Jet Propulsion Laboratory: MSL
Eyes on Solar System (live data)
GetCurious.com (Outreach)
MSL coverage on SPACE.com

Feature Articles

August 28, 2012
Signals from Mars: NASA's Curiosity rover radios will.i.am song in music first

NASA's Mars rover Curiosity has sent back a new type of radio signal from the surface of the Red Planet: pop music. The car-size rover radioed the world — or rather because it spanned two planets, worlds — premiere of a single by musician will.i.am.


August 22, 2012
NASA's Mars rover Curiosity leaves coded tracks on first test drive

NASA's Curiosity Mars rover has left its first tracks in the Martian soil, leaving the coded mark of its maker in its trail. On Aug. 22, the car-size, six-wheeled rover took its first test drive since arriving on the Red Planet more than two weeks ago.


August 19, 2012
LEGO may make Mars rover Curiosity toy after 10,000 fans vote

NASA's Curiosity rover has achieved a giant leap toward becoming an official LEGO toy. A build-it-yourself model of the car-size, six wheeled rover that is now on the Red Planet received its 10,000th vote of support on the LEGO CUUSOO website.


August 10, 2012
How to build a Lego Mars Curiosity rover

Before NASA's Curiosity rover lifted off last fall, an engineer who helped build the Mars Science Laboratory launched his attempt at getting LEGO to produce a toy model of the rover. Eight months later, the real rover has touched down, but Stephen Pakbaz's LEGO Curiosity hasn't landed on store shelves.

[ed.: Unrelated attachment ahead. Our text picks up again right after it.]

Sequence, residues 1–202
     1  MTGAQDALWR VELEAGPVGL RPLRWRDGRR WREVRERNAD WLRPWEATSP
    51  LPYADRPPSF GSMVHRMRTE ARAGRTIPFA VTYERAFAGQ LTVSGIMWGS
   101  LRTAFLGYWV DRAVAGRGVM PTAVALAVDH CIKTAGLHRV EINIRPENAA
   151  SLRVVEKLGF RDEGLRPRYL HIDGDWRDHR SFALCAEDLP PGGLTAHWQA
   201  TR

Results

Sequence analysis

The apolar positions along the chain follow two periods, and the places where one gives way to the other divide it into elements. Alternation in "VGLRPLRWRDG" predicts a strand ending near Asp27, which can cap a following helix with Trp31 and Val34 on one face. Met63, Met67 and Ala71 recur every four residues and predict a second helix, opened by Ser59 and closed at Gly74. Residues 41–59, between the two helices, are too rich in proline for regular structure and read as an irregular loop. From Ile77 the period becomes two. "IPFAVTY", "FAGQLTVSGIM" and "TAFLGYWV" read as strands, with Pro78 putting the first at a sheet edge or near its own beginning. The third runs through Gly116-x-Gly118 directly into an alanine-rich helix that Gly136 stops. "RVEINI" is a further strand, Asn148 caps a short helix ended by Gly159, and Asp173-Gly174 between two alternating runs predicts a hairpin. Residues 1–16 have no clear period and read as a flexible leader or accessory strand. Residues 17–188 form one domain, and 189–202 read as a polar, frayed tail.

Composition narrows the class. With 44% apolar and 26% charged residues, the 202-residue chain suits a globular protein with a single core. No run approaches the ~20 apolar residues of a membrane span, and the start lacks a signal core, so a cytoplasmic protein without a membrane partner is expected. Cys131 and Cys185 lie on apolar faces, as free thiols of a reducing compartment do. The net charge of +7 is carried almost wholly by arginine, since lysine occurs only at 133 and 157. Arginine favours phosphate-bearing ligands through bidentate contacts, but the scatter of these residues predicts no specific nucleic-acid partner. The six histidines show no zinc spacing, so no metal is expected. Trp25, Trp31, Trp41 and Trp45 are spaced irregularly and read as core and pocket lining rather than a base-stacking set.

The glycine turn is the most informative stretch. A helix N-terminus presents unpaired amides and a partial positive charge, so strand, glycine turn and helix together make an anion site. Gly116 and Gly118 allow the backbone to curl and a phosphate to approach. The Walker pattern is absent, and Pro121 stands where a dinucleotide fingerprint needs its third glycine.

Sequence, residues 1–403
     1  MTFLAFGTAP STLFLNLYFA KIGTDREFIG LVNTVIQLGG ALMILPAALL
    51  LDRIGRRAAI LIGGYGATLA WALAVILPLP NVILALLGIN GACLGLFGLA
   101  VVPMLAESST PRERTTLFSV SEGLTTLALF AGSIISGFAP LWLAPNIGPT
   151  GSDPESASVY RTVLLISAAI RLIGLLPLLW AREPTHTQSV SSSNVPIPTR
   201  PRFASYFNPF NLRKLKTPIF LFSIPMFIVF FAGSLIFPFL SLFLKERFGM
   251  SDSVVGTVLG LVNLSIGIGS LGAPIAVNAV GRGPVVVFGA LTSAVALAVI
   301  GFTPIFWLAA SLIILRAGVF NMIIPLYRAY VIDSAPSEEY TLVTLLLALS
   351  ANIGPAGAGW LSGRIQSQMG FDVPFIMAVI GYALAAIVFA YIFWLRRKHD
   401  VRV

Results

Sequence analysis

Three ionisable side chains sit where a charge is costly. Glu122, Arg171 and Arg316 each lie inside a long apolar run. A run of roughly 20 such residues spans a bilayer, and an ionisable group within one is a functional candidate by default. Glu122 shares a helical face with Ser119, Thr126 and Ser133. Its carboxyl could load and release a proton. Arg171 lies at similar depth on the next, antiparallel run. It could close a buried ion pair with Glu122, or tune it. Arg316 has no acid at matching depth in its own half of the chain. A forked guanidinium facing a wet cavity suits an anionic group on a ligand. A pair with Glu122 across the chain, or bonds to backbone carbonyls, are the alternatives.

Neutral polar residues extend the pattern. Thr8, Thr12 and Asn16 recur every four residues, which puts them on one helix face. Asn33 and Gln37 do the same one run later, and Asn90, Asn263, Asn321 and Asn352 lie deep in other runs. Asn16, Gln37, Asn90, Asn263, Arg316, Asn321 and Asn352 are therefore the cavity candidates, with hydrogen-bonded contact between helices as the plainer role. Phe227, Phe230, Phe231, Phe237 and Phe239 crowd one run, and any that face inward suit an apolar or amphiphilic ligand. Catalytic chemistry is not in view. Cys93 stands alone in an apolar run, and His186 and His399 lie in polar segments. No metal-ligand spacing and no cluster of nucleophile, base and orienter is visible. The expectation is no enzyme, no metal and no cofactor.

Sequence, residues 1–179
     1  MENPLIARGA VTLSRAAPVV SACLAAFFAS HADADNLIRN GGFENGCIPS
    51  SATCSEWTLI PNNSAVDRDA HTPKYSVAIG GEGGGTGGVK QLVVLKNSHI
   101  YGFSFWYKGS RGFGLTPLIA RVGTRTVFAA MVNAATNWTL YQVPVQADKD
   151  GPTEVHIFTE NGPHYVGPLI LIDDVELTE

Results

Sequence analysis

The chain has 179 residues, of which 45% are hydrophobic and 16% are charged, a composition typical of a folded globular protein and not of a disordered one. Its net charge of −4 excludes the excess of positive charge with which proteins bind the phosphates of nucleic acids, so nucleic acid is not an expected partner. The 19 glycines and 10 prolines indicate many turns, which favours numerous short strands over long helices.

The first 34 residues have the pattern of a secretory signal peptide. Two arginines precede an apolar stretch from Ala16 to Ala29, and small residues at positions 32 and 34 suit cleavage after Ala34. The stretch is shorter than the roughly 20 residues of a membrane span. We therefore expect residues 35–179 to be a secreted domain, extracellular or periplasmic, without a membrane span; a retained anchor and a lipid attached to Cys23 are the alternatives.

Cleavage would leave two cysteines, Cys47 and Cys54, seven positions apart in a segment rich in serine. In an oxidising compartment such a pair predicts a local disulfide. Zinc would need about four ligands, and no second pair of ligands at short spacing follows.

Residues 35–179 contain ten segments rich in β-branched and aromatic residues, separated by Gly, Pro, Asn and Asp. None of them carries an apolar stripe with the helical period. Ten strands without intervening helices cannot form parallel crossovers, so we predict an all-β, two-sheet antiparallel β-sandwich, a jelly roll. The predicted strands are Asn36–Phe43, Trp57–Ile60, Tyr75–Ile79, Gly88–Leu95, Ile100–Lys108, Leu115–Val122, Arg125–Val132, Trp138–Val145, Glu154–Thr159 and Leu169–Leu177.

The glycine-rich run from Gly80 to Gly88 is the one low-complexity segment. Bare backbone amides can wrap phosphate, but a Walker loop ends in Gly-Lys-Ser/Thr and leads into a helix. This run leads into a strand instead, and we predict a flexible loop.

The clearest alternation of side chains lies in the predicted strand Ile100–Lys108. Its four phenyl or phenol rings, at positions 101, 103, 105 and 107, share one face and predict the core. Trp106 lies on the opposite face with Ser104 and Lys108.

August 6, 2012
NASA's Curiosity lands on Mars: Car-size rover to seek signs of life-friendly land

NASA has a new science lab on Mars. The car-size Curiosity rover touched down safely on the Red Planet following an eight month cruise from the Earth to Mars and a seven minute unprecedented entry and descent to the surface of a Martian crater.


August 5, 2012
Pass the peanuts: Landing day arrives for NASA's Mars rover Curiosity

On the long checklist leading up to the Aug. 6 landing of NASA's Curiosity rover on Mars most of what is left to do will be handled by the spacecraft's computers. The flight team will have little to do but wait for signals from the rover. That, and eat peanuts.


August 1, 2012
Hot Wheels on Mars: Mattel to land NASA Curiosity rover on toy store shelves

Soon after NASA's Curiosity rover lands and becomes the hottest set of wheels on Mars, it will debut as the latest Hot Wheels to land on toy store shelves. Mattel, makers of the die-cast line of Hot Wheels cars, is ready to release the car-size Curiosity in 1:64 scale.


February 7, 2012
Penny payload: NASA Mars rover Curiosity carries coin for camera checkup

A penny in today's economy doesn't go very far, but that has not prevented NASA from making one 1-cent piece stretch all the way to another planet: Mars. The copper coin is attached to a smartphone-size plaque at the end of the robotic arm on Curiosity, NASA's Mars Science Laboratory car-size rover.


November 26, 2011
NASA's Curiosity rover flying to Mars with Obama's, others' autographs on board

NASA's Mars Science Laboratory – with its car-size Curiosity rover – is on a 352 million mile journey to the red planet. Outfitted with the most advanced scientific gear ever sent to Mars, the rover is also equipped with its own autograph collection.


August 15, 2011
Last look at NASA's car-size rover before trip to Mars

NASA's next Mars rover, the Mars Science Laboratory (MSL) Curiosity, has passed its functional tests and is now being packed to fly to the Red Planet. Targeted to liftoff Nov. 25, Curiosity was shown to the media inside its clean room.